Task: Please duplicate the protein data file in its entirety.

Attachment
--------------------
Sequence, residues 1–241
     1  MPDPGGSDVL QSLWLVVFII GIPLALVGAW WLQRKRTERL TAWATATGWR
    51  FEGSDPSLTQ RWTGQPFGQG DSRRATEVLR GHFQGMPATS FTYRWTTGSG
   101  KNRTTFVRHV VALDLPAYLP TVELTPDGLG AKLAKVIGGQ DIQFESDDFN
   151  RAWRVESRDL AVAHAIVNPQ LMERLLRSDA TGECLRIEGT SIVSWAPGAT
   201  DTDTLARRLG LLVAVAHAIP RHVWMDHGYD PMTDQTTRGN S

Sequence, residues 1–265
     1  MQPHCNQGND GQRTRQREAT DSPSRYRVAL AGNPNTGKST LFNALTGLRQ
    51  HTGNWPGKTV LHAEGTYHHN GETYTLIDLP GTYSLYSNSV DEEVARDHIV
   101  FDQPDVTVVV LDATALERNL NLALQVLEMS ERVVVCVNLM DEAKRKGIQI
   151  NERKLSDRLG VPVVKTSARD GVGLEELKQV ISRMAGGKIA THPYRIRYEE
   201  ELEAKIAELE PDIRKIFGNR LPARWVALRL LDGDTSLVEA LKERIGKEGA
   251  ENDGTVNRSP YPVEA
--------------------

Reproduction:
Sequence, residues 1–241
     1  MPDPGGSDVL QSLWLVVFII GIPLALVGAW WLQRKRTERL TAWATATGWR
    51  FEGSDPSLTQ RWTGQPFGQG DSRRATEVLR GHFQGMPATS FTYRWTTGSG
   101  KNRTTFVRHV VALDLPAYLP TVELTPDGLG AKLAKVIGGQ DIQFESDDFN
   151  RAWRVESRDL AVAHAIVNPQ LMERLLRSDA TGECLRIEGT SIVSWAPGAT
   201  DTDTLARRLG LLVAVAHAIP RHVWMDHGYD PMTDQTTRGN S

Sequence, residues 1–265
     1  MQPHCNQGND GQRTRQREAT DSPSRYRVAL AGNPNTGKST LFNALTGLRQ
    51  HTGNWPGKTV LHAEGTYHHN GETYTLIDLP GTYSLYSNSV DEEVARDHIV
   101  FDQPDVTVVV LDATALERNL NLALQVLEMS ERVVVCVNLM DEAKRKGIQI
   151  NERKLSDRLG VPVVKTSARD GVGLEELKQV ISRMAGGKIA THPYRIRYEE
   201  ELEAKIAELE PDIRKIFGNR LPARWVALRL LDGDTSLVEA LKERIGKEGA
   251  ENDGTVNRSP YPVEA